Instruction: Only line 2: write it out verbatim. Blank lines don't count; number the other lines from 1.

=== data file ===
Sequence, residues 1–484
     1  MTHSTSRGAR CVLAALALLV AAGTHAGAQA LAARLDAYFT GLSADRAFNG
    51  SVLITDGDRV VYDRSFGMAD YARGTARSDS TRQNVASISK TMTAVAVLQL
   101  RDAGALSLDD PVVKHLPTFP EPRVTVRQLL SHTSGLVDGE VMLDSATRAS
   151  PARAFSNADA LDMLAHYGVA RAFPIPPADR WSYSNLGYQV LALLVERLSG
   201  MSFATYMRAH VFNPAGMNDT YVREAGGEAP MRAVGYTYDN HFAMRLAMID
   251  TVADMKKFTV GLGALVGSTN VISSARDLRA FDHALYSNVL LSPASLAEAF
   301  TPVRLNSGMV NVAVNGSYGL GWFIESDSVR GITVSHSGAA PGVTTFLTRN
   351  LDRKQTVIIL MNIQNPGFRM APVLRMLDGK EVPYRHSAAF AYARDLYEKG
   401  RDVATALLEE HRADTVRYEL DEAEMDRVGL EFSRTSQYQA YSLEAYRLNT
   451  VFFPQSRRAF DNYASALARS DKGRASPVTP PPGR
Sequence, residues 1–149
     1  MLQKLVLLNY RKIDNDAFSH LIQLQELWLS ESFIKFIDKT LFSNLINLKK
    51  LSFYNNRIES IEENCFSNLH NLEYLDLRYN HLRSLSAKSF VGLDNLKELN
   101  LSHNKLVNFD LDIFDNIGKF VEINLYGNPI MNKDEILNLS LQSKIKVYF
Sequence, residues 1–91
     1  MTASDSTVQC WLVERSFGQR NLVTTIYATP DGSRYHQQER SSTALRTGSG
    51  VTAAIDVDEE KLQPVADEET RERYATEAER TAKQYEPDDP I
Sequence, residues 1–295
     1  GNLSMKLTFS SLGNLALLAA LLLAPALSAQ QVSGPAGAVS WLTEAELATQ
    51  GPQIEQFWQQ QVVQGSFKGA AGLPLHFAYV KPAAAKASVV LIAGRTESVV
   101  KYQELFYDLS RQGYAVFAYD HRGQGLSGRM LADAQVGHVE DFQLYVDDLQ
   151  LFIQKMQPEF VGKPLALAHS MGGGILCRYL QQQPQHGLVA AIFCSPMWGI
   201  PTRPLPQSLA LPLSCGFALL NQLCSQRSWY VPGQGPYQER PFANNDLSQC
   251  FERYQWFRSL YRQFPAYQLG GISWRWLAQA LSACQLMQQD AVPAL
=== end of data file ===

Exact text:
     1  MTHSTSRGAR CVLAALALLV AAGTHAGAQA LAARLDAYFT GLSADRAFNG